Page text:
The “Creatives Connecting With Consumers workshop”, moderated by Haukur S. Magnússon, Editor of the Reykjavik Grapevine, covered many angles in terms of how to find and maintain connections with your fan base, with people like Christopher Peterka, founder of Gannaca, pointing out that old methods like meeting or calling people are still hugely valid despite the impression of online communication.
Keith Harris, Director of Performer Affairs for PPL UK and Stevie Wonder’s representative moderated the “Copyrighting Creative Content” workshop. The building of an ambitious copyright database was mooted, as was the contrastive value of crowd-sourcing for creativity. A murky and eternal industry topic at the best of times, as Harris noted — “we didn’t solve the copyright issue but we did have some good ideas”.
Peter Dreyer, Managing Director of Elevator2, moderated the “Innovation & The Internet” panel, which discussed turning the internet into a learning experience, how the next generation of Internet usage might look, and how to make sure creatives are finding an audience abroad, among other topics.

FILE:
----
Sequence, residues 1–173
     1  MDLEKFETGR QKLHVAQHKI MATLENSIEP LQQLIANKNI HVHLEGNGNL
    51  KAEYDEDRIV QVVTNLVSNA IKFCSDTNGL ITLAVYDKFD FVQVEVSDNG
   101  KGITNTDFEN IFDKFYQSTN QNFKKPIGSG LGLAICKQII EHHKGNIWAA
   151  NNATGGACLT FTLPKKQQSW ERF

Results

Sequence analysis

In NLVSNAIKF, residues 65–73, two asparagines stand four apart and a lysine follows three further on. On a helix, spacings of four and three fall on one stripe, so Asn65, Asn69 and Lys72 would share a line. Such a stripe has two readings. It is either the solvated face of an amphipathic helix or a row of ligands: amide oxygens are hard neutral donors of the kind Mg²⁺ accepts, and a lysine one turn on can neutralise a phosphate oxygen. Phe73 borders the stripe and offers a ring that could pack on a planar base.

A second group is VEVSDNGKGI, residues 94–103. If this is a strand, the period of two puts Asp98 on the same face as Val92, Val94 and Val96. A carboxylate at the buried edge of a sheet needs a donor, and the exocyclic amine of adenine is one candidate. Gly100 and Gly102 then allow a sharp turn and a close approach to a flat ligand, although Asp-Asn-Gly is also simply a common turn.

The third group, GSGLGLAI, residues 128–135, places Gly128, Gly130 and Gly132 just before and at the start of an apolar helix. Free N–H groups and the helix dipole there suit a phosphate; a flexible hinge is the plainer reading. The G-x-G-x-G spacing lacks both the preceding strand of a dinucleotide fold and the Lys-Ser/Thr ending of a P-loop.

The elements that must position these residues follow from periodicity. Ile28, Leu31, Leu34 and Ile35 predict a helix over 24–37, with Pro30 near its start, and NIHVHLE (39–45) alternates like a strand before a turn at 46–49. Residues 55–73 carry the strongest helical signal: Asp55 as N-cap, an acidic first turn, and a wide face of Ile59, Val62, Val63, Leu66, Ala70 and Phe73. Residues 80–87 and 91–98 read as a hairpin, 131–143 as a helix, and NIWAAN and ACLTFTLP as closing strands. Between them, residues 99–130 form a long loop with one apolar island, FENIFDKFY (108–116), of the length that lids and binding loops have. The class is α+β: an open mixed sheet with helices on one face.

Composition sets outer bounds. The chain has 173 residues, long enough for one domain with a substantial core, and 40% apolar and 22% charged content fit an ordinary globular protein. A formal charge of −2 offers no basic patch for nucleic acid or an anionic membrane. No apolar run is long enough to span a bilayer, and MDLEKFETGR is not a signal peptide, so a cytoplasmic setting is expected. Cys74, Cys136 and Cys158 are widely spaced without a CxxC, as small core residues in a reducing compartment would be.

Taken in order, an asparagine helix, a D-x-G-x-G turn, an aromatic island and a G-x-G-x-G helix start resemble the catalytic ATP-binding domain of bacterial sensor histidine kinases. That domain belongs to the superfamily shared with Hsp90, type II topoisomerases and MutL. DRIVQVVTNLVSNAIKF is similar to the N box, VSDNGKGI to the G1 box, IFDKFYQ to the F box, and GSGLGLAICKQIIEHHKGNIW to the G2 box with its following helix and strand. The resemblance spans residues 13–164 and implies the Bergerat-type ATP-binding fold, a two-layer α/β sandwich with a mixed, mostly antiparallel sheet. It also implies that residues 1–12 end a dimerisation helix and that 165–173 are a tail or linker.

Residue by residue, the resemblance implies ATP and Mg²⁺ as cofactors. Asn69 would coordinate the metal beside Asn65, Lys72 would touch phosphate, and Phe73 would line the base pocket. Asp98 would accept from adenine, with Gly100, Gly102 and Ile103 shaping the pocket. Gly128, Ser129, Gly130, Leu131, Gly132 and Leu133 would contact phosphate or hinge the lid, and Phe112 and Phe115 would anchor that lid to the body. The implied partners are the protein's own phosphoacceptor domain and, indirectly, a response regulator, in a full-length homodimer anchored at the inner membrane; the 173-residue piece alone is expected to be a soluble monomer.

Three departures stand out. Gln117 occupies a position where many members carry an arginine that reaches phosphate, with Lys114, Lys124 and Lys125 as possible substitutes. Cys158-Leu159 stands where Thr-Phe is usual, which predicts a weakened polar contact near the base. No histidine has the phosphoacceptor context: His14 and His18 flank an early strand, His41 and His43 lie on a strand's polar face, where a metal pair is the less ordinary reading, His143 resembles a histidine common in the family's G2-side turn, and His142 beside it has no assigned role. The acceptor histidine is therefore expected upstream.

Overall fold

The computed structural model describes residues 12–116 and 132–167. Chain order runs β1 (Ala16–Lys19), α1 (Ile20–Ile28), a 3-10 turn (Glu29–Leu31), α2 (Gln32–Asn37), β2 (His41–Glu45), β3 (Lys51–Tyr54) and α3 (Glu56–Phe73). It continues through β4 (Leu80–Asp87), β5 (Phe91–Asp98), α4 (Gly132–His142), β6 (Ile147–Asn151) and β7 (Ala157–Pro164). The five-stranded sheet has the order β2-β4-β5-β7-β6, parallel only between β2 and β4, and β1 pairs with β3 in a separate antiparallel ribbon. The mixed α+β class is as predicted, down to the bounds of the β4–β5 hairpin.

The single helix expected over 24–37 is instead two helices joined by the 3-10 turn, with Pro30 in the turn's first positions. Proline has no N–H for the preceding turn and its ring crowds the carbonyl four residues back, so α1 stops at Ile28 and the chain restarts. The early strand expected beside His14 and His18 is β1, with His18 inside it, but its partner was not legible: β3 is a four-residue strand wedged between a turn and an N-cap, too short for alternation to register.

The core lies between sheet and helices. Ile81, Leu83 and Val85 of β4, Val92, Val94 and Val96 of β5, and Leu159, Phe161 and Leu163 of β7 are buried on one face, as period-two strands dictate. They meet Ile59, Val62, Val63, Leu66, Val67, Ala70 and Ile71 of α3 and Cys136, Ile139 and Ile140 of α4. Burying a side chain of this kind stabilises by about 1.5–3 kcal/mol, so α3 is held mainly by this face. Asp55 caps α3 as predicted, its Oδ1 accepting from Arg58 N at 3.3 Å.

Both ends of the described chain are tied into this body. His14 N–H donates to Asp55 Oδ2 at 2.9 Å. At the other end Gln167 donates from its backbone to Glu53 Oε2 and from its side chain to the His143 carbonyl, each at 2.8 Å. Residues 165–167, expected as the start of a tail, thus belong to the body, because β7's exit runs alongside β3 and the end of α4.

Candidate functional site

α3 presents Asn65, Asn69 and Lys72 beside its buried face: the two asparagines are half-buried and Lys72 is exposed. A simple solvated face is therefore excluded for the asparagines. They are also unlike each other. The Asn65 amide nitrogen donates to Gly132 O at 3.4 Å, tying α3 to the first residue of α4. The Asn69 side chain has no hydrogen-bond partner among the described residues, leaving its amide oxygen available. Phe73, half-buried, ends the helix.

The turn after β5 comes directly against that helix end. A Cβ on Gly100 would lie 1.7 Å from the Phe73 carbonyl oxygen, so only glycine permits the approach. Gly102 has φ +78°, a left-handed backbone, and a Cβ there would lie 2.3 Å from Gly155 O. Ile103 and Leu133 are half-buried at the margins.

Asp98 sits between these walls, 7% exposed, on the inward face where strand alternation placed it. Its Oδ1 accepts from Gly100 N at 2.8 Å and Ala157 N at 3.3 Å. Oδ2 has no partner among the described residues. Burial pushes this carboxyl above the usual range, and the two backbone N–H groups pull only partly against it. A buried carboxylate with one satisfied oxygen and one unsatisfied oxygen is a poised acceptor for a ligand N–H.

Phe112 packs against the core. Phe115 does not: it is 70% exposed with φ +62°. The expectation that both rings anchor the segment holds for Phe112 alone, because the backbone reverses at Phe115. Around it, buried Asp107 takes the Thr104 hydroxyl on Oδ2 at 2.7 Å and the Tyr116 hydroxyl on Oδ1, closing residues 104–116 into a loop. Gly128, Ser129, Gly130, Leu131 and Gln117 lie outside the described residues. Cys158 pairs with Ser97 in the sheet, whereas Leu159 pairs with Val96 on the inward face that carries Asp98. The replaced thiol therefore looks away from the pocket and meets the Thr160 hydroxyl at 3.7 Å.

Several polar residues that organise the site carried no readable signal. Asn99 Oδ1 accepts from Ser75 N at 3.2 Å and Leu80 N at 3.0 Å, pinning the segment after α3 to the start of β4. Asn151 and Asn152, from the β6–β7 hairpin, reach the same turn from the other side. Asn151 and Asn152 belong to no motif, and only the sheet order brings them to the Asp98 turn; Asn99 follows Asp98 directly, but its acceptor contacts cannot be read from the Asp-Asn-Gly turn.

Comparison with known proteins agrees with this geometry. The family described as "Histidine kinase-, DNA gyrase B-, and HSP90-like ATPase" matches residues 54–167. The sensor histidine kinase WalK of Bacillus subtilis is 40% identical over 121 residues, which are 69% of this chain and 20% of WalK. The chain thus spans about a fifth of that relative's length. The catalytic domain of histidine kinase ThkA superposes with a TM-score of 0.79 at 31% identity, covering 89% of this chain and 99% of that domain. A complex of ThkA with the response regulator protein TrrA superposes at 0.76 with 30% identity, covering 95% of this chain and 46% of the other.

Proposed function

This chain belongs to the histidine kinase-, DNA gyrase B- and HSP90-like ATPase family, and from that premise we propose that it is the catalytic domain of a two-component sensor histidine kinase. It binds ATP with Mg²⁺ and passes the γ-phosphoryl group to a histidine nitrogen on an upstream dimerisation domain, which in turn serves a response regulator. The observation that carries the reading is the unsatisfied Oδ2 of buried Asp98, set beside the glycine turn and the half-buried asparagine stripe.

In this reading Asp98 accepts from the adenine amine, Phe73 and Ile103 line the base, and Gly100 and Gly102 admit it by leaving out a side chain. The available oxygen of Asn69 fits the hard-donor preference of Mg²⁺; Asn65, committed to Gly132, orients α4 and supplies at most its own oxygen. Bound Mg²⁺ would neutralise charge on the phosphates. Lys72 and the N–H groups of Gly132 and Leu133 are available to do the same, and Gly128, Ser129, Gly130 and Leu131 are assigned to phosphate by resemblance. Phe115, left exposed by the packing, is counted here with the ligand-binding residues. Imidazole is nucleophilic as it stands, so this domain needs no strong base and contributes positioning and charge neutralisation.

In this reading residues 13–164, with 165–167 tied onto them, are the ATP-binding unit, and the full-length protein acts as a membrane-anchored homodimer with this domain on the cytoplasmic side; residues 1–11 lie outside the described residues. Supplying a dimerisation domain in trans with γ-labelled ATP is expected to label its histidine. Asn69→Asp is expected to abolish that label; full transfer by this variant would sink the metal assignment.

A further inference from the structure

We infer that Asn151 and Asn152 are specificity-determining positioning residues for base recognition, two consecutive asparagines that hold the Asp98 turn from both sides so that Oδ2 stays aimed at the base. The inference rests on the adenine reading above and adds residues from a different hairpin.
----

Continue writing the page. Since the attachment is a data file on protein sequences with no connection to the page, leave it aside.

The group concluded that one of the online problems today is that you have to be both social and creative – yet without sacrificing one for the other.
“Ahead of the Game: Ethical Business is Smart Business”, moderated by Hulda Steingrímsdóttir, Environmental Consultant at Alta Consulting, looked at the key question of what the industry can do to make sure it’s being ethical.
Threads of the discussion touched on companies needing to mostly be aware of what they should be doing – for themselves as well as business to business, and working towards a triple bottom line – economic, social and environmental – in order to develop accountability with a kind of code of conduct to encourage further transparency.